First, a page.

• [0005]
    Due to the potential for known mechanical linkage valves to be damaged, regular inspection and replacement of such mechanical linkage valves is typically recommended. In geographical areas where road conditions may be poor and result in the increased potential for damage, such as developing countries, for example, the capability to inspect and repair such components will often be limited or may even be unavailable. As such, a gas spring assembly that avoids the use of mechanical linkages is desirable.
  • [0006]
    Another disadvantage of known mechanical linkage valves relates to the performance and operation thereof in connection with an associated suspension system. That is, known mechanical linkage valves generally open and close under predetermined height conditions regardless of the operating condition or inputs acting on the vehicle. As such, it is possible that operating conditions of the vehicle might occur during which the performance of a height change would be undesirable. Unfortunately, conventional suspension systems that utilize mechanical linkage valves are not typically capable of selective operation.
  • [0007]
    Height control systems for vehicle suspension systems have been developed that avoid the use of mechanical linkage valves. Additionally, such systems are often capable of selective operation such that height changes can be avoided under certain conditions of operation of the vehicle. In most cases, however, it seems that such known height control systems are highly sophisticated and rely upon complex algorithms and software that operates within electronic controllers having relatively highspeed processors to perform the height control computations. In addition to the high relative cost of known height control systems, the capability to maintain and repair such systems may be limited, or even unavailable. This provides further disincentive for the adoption and use of gas spring assemblies for vehicle suspension systems.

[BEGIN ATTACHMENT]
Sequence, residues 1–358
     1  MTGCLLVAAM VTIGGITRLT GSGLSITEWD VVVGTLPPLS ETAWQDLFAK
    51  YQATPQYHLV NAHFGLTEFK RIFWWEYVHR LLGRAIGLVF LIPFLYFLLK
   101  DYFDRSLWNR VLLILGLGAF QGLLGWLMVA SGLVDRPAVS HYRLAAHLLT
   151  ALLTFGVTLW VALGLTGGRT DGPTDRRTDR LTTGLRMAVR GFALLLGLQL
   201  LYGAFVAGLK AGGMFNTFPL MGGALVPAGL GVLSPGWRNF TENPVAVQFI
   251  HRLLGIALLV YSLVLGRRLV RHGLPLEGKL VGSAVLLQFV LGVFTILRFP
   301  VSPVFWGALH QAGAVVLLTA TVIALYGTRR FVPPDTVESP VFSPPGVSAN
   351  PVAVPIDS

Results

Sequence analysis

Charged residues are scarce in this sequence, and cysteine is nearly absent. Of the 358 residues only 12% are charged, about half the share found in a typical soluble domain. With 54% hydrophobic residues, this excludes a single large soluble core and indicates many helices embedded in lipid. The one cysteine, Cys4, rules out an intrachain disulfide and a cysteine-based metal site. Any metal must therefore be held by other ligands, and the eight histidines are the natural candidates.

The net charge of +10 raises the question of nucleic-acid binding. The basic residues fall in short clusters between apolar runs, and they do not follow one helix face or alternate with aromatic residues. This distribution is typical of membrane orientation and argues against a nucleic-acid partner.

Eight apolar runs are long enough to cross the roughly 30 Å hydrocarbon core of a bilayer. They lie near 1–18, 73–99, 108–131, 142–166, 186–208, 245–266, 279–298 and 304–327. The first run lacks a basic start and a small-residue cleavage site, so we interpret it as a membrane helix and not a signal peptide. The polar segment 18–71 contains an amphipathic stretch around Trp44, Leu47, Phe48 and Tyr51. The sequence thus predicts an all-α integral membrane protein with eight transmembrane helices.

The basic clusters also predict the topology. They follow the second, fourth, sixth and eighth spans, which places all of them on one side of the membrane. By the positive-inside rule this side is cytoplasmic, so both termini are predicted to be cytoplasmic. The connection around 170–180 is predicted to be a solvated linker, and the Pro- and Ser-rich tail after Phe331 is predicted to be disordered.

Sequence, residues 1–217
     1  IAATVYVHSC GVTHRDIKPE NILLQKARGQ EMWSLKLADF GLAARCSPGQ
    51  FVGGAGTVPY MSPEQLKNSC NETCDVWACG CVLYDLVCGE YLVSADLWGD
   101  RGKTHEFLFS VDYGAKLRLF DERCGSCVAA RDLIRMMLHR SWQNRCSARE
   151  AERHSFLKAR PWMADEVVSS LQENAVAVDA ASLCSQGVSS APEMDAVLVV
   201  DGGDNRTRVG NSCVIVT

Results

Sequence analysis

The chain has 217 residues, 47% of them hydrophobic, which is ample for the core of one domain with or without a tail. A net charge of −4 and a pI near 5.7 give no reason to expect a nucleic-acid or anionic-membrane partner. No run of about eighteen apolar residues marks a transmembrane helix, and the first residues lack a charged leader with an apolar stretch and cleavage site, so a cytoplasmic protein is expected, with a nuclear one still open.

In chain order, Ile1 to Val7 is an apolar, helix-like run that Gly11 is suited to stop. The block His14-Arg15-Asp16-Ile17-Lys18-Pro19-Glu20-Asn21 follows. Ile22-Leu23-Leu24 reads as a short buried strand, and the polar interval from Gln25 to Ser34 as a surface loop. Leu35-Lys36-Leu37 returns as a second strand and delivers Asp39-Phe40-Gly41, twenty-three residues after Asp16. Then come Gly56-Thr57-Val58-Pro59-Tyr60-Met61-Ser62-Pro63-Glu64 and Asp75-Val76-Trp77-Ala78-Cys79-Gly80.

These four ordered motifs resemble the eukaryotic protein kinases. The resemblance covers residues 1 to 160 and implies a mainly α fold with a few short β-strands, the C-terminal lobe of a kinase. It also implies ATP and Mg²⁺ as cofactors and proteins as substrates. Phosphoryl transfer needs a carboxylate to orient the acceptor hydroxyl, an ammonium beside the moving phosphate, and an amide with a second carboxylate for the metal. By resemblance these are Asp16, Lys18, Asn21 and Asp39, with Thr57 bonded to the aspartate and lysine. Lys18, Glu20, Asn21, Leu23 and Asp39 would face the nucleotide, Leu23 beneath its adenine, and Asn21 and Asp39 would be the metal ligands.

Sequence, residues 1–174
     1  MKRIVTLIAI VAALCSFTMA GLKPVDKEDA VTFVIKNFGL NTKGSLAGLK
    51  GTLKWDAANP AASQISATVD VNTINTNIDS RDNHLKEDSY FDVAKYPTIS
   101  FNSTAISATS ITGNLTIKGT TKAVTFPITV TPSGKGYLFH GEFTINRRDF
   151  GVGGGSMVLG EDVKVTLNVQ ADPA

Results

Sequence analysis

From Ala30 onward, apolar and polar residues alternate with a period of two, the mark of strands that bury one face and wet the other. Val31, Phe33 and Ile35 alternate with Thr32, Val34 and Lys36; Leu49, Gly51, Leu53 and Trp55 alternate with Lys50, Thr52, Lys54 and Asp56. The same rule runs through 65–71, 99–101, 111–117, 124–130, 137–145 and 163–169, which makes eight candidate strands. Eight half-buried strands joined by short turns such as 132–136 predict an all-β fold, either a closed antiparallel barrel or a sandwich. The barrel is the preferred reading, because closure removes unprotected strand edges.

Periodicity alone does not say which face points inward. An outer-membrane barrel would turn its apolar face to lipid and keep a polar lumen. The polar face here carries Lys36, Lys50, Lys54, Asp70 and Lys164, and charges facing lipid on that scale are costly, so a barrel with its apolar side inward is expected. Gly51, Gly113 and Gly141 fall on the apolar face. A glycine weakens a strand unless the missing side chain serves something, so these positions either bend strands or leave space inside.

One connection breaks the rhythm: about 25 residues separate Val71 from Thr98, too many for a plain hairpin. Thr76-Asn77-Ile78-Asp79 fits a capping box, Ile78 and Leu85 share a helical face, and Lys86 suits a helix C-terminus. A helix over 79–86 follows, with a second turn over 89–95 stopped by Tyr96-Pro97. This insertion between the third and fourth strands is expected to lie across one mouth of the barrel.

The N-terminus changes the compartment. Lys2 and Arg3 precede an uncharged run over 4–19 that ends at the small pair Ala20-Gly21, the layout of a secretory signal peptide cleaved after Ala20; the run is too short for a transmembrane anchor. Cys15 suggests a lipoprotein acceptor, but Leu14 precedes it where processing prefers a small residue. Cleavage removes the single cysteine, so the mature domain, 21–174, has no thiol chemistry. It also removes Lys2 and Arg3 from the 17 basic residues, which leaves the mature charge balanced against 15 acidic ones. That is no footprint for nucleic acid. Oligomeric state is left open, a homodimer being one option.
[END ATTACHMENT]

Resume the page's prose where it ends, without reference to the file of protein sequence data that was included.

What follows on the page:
• [0008]
    As such, it is believed to be beneficial to develop a gas spring assembly and fixed-logic height control circuit for overcoming the foregoing and/or other deficiencies that may exist in the art.
  • [0009]
    A gas spring assembly according to the preamble of claim 1 is known from US 2006/267297 A1 . Furthermore, US 4,783,089 A discloses a system and a method for levelling a vehicle relying on switch means which generate a signal when a chassis and an axle of the vehicle are at or closer than a predetermined relative position. The vehicle is supported by air springs which are adapted to be inflated or deflated to raise or lower the vehicle respectively. A microprocessor determines whether or not an air spring has to be inflated or deflated according to a detected duty cycle for a position switch. Furthermore, depending on the detected duty cycle, the inflation may be a slow inflation or a rapid inflation, and the deflation may be a slow deflation or a rapid deflation by opening corresponding control and release valves.
  • BRIEF DESCRIPTION
  • [0010]
    According to the present invention, a gas spring assembly as defined in claim 1 is provided. Furthermore, the invention provides a suspension system comprising such a gas spring assembly. The dependent claims define preferred and/or advantageous embodiments of the invention.
  • BRIEF DESCRIPTION OF THE DRAWINGS
  • [0011]
    • FIG. 1 is a schematic representation of one example of a suspension system for an associated vehicle that includes a gas spring assembly in accordance with the subject matter of the present disclosure.
    • FIG. 2 is a schematic representation of one example of a gas spring assembly in accordance with the subject matter of the present disclosure.
    • FIG. 3 is a schematic representation of one example of the fixed-logic control circuit shown in use in FIG. 2 with a gas spring.
    • FIG. 4 is a schematic representation of another example of a gas spring assembly in accordance with the subject matter of the present disclosure.